Like the house-flipping programs today, Better Homes demonstration houses modeled not only the characteristics of up-to-date suburban living but also the attributes of the ideal citizen. And in the Hoover era — when federal intervention was limited to encouraging business interests to rationalize and regulate themselves through voluntary cooperation among trade associations — the ideal citizen was an entrepreneur who joined local associations to improve his or her own fortune and, by extension, that of the community and the nation.
These ideas informed the design and construction of Everyman’s House, a compact yet carefully worked-out demonstration house built in 1924 by the Kalamazoo, Michigan, chapter of Better Homes in America. Designed by Caroline Bartlett Crane, a doctor’s wife who had organized local and statewide home ownership initiatives, and detailed for construction by architect Gilbert Worden, Everyman’s House adapted a traditional American house form — the colonial revival cottage — to the changing needs of middle- and working-class families. It also reflected the availability of longer-term amortized loans from building and loan associations, those institutions that pooled the savings of individuals, then lent these funds to member-investors who were buying or building a house. Though they had been around since the 1880s, it was only in the 1920s that building and loans became a significant source of mortgage financing. Described by the authors of the 1929 sociological study Middletown as “the working man’s way par excellence of achieving a home,” B&Ls were precursors to the savings and loan associations that the federal government would bail out in the 1980s. 6
In Everyman’s House, her book about her project, Crane pointed out that the high cost and geographical fixity of homeownership had the valuable effect of stabilizing workers and bringing them into the social and political imaginary of the rising middle class. She characterized her demonstration project as a way of reducing political dissatisfaction with America’s capitalist economy by increasing the proportion of Americans who owned property and so had a stake in maintaining the established social order. By helping him “achieve a home,” she explained, the house promised to give a man “a vital stake in government.” Along with the “sense of dignity in belonging to the social order” that came with homeownership, Crane wrote, Everyman would acquire “respect for organized industry and for the law-regulated institutions of finance which furnish him the employment and insurance and credit necessary for the building of that home. Home-owning and Bolshevism,” she concluded, “are just naturally strangers.” 7
Crane echoed the rhetoric of Hoover and the many other proponents of homeownership who saw it as the basis of good citizenship or even, as the slogan of the United States League of Local Building and Home Associations had it, “the safeguard of American liberties” in the face of crises such as the world war, the postwar recession, and the Red Scare. In a chapter on mortgages, she explained how an aspiring homeowner could secure favorable financing — a loan for up to 80 percent of construction costs, with a twelve-year term at just below seven percent interest and amortized payments — by joining a building and loan association. Because securing financing in this way required the prospective borrower to build up savings and credibility over time, it provided a powerful incentive to stay put. The wage laborer aspiring to homeownership, Crane asserted, “must not be casual or peripatetic. He must be both willing and able to anchor in a home of some sort and become a part of the community.” 8 Like most new houses in an era of increasing mortgage indebtedness, Everyman’s House was an anchor tying working families to place and polity through credit obligations.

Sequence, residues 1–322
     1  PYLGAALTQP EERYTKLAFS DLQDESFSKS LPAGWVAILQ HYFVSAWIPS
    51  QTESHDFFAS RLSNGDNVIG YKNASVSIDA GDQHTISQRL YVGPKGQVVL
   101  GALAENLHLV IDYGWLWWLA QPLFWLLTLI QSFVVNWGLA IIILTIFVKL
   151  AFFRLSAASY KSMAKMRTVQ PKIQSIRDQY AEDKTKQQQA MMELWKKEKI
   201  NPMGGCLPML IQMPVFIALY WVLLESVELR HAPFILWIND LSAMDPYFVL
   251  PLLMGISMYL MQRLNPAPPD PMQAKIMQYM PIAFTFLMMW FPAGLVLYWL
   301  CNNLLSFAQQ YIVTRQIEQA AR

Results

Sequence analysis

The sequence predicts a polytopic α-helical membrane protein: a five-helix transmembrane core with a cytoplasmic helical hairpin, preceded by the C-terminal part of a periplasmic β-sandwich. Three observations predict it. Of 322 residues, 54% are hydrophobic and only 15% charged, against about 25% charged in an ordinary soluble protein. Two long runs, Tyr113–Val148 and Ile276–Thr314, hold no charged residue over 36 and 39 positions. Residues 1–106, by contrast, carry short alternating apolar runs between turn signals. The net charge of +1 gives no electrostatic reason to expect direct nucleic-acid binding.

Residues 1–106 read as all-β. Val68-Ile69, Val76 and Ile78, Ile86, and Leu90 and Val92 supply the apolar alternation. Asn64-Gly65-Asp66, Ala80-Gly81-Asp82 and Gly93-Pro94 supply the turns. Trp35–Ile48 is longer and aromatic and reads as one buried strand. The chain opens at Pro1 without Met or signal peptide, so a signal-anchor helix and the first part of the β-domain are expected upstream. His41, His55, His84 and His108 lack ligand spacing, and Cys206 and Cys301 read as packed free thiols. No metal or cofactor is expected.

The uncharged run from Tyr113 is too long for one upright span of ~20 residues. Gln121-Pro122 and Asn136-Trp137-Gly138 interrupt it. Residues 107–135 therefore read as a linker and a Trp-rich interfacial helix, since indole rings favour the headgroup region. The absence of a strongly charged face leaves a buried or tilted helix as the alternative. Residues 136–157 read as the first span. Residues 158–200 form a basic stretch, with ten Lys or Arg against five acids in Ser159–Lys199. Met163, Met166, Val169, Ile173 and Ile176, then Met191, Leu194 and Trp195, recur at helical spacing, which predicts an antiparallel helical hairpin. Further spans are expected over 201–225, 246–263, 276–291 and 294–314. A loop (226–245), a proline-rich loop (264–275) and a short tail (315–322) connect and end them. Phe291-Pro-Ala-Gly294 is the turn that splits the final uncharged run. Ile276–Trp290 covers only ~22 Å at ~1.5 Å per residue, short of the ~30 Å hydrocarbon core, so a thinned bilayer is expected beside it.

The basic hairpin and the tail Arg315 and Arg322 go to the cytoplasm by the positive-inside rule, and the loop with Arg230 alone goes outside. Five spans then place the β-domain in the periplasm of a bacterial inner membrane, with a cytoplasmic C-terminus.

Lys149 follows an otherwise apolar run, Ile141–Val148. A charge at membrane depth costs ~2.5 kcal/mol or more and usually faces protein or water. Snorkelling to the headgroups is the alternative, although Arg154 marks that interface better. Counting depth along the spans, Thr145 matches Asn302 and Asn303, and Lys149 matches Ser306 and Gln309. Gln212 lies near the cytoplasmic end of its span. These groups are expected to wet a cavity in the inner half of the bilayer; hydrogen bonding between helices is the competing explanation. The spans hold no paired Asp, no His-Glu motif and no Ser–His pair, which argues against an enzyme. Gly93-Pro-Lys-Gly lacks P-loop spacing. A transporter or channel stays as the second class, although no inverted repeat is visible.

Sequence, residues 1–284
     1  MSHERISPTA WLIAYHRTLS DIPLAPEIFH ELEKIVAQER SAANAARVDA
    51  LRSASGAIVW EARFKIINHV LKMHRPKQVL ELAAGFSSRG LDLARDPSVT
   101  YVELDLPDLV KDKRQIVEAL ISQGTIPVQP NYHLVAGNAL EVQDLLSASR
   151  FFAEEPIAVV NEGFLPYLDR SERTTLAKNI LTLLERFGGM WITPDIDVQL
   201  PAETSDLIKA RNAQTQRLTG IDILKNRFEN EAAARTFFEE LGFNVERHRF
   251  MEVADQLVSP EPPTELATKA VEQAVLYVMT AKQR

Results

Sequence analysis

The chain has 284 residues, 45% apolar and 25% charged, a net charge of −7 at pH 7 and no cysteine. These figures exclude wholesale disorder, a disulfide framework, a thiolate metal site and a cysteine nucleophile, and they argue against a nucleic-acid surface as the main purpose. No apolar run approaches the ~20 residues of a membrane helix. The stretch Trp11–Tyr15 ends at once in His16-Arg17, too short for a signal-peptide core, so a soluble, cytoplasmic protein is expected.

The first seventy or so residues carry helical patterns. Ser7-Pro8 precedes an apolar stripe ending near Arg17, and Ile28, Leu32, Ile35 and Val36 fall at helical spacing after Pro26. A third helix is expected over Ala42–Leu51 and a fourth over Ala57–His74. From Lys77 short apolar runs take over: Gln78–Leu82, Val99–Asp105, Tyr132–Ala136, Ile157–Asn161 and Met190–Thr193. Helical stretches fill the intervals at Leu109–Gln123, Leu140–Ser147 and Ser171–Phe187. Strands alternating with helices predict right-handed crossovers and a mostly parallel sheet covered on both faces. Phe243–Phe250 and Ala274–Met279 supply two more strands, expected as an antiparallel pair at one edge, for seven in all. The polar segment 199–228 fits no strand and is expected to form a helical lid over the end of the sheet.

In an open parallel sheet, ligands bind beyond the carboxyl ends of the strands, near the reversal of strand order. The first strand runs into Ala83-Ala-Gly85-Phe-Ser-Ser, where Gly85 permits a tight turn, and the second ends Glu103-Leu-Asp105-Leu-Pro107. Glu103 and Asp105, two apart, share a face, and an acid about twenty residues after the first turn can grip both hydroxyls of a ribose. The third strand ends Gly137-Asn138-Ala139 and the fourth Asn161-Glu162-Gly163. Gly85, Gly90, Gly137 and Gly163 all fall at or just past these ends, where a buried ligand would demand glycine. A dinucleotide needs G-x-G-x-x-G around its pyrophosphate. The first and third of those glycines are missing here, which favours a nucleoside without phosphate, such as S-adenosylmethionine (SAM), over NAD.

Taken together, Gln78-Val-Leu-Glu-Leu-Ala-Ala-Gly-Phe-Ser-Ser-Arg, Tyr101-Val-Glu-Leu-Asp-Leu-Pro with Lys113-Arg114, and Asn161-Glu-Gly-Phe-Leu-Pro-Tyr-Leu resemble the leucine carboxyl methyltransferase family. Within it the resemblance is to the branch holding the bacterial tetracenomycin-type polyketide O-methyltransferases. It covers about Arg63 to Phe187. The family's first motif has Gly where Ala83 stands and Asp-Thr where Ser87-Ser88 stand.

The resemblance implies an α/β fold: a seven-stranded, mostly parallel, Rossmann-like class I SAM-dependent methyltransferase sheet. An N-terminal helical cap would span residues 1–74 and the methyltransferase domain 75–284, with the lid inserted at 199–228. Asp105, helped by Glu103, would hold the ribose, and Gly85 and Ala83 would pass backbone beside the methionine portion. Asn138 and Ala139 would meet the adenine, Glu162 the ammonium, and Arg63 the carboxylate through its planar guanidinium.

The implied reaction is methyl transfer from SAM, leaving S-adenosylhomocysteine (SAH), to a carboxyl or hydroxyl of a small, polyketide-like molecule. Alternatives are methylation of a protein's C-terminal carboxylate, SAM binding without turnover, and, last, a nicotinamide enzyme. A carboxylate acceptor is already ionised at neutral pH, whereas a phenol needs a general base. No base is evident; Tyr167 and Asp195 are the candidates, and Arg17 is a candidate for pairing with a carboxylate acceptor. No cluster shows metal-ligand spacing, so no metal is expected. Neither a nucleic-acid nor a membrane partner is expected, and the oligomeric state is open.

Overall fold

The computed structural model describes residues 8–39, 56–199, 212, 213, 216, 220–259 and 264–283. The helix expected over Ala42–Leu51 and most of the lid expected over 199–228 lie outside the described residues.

Through its magazine, pamphlets, local chapters and demonstration houses, Better Homes imagined the single-family detached house and its mortgage as instruments for transforming renters into owners, itinerant laborers into stable yeomen, radicals into conservatives. This message was further amplified by the coverage of Better Homes Week in the mass media. In 1934, for instance, Better Homes built an unusually prominent demonstration house at the intersection of 39th Street and Park Avenue in Manhattan. “America’s Little House” was a substantial three-bedroom colonial revival surrounded by a lawn and white picket fence. Promotional photographs played up the contrast between the high-rise apartments and offices of midtown Manhattan and the two-story suburban house, which hosted not only the usual BHA demonstration activities but also visits by dignitaries such as first lady Eleanor Roosevelt and novelist Pearl S. Buck. Microphone outlets distributed throughout the house allowed technicians from the Columbia Broadcasting System, headquartered a few blocks away, to record speeches and programs, and the attached garage contained a radio studio from which CBS broadcast the special programming to some 100 affiliates, in this way reaching millions of “radio homes” across the country.